Have you ever been really, really bored? Would you like to see what that’s like? Well, allow me…
No, I’m not really going to bore you to death, least I hope not, but I’ve been dying to write about this for a long time, because I want you to know the truth.
In order to do this properly I’ve sought help from my fellow pcvs to get as much supporting evidence (I mean stories) as possible.
Boredom - none of you know what this is until you have been stranded in a remote little village for month long stretches with shoddy phone service, no computer, no i-pod, a radio that only broadcasts urgent announcements regarding the fall of the third reich, no electricity, and a cat. Sure, we’ve all become expert cooks and stove-top bakers; we’ve read roughly 57 books (last week); and know six different ways to kill a cockroach, but you can only partake in such activities for so many hours in a day.
Now, there definitely are days when crazy and exciting and unexpected things happen and plenty of days when we manage to do work or at least feel like we’re doing something that can be categorized somehow as work. But there’s definitely an absurd amount of down time and sometimes it’s just too cyclony, or the entire village is off at their farms, or your fingers are bleeding from playing the guitar so much and you resort to, well, other things.
This is a list of how we adventurous, world traveling, philanthropizing good-samaritans spend such hours. So if you’re ever faced with a day or month of sheer boredom here’s a helpful suggestion guide - in order from normal to send help asap:
- Sleep – all day. Move your mattress to the floor to make it more exciting.
- Secretly drink alcohol out of coffee mugs in your house and then pretend you’re drinking tea when a villager comes by (I will qualify this by saying it’s more a situation of sneaking a drink in a place where booze is not allowed and not about getting drunk by yourself).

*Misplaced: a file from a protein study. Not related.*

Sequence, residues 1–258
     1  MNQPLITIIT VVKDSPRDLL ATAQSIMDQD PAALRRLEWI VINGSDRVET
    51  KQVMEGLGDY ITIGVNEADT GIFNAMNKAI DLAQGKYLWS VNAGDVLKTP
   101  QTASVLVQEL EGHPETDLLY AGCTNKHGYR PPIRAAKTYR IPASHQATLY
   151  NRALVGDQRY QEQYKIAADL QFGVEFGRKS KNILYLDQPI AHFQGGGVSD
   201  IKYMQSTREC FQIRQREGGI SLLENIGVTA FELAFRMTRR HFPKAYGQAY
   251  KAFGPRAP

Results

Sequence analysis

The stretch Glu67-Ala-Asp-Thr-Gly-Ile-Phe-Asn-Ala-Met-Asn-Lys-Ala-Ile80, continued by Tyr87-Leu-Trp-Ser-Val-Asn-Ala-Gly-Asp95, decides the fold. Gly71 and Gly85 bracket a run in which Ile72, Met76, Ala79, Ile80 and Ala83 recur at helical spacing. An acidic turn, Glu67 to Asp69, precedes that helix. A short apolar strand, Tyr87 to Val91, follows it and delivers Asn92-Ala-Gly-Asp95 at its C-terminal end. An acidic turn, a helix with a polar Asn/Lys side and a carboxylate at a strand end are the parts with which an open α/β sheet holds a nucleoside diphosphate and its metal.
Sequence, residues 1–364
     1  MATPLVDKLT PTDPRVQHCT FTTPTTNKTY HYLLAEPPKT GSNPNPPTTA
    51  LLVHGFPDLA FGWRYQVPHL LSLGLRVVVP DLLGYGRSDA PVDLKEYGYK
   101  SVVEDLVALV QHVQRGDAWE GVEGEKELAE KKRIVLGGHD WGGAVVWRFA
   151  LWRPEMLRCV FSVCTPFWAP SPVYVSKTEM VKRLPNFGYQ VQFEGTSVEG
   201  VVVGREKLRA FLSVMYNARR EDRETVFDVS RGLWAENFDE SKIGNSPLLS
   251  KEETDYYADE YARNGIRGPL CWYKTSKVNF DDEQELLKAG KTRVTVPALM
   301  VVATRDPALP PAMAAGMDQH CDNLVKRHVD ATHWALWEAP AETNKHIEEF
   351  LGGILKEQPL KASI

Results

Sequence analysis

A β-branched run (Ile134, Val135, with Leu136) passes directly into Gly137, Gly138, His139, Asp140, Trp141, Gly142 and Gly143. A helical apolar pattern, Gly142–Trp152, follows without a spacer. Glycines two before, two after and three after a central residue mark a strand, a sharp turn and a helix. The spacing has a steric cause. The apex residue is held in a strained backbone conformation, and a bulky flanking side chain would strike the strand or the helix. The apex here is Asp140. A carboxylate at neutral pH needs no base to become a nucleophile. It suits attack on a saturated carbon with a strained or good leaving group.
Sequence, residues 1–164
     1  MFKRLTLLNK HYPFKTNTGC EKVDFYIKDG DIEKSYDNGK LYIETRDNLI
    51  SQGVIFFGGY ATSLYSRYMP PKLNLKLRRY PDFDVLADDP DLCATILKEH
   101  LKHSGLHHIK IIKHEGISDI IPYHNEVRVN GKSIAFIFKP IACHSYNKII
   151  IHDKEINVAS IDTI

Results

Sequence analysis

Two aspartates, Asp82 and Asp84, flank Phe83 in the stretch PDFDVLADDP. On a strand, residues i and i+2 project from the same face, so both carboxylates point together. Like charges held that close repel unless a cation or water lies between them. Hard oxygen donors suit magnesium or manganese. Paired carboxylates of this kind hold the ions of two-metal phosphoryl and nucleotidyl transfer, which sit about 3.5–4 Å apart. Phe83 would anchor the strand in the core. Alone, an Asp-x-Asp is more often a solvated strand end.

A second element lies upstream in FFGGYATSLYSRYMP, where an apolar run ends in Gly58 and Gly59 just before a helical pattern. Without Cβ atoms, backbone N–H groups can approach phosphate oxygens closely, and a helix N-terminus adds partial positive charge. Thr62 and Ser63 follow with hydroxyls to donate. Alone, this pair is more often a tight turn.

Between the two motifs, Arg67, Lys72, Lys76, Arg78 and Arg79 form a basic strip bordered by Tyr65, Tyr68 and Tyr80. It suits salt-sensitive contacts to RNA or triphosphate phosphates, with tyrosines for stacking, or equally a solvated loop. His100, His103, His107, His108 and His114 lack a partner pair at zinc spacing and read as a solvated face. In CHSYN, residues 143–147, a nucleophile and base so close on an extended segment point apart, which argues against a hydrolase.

- Try to fix your pair of $3 flip flops (your last pair of shoes) by any means possible including – stapling, sewing, gluing, nailing or a combination of all these. Fail on all accounts and just use duct tape.
- Do a 750 piece (minimum) puzzle in one sitting.
- Try to write your name as an ambigram. Repeat for the members of your immediate family; continue on to friends until you run out…then use their middle names.
- Make a cross-stitch pattern for every person in your village.
- Paint chalk board paint on your walls (or inherit a house where the last volunteer did this for you) and doodle incessantly. Write things in a language other than English or whatever the local language is so that you can feel like you’re not as much of a child as everyone would have you believe when you try to speak to them in their tongue. Je suis un pamplemousse.
- Practice lighting matches one handed – for showing off at grog or in the event that your arm is broken.
- Make origami out of toilet paper squares – feel free to multi-task during this activity.
- Wage war against all manner of giant creatures fighting to inhabit your house (this is more a happy chance event rather than the typical monotony, such as giant centipedes, giant rats, or giant spiders eating giant cockroaches).
- Figure out how easy it is to add the numbers 1 through 100 in your head in less than 30 seconds. Realize that there are tricks to dividing or multiplying anything by 5 and get excited when you can do it with any number in less than 10 seconds. Did you know that 12,713/5=2542.6?
- Make two different types of bread and bagels and then proceed to eat them all.
- Sit and stare off into space without moving… for hours.
- Play with the fish eye setting on your camera. Set it to the moderately distorted setting and take a picture of your hand and make it look like you have elephantitis. Or just take several hundred self-portraits, only moving a little bit each time so that when you review them quickly in your playback setting it looks like a stop-motion film.
- Sit like a ninja on your mat and destroy each fly as it lands. Continue ad infinitum.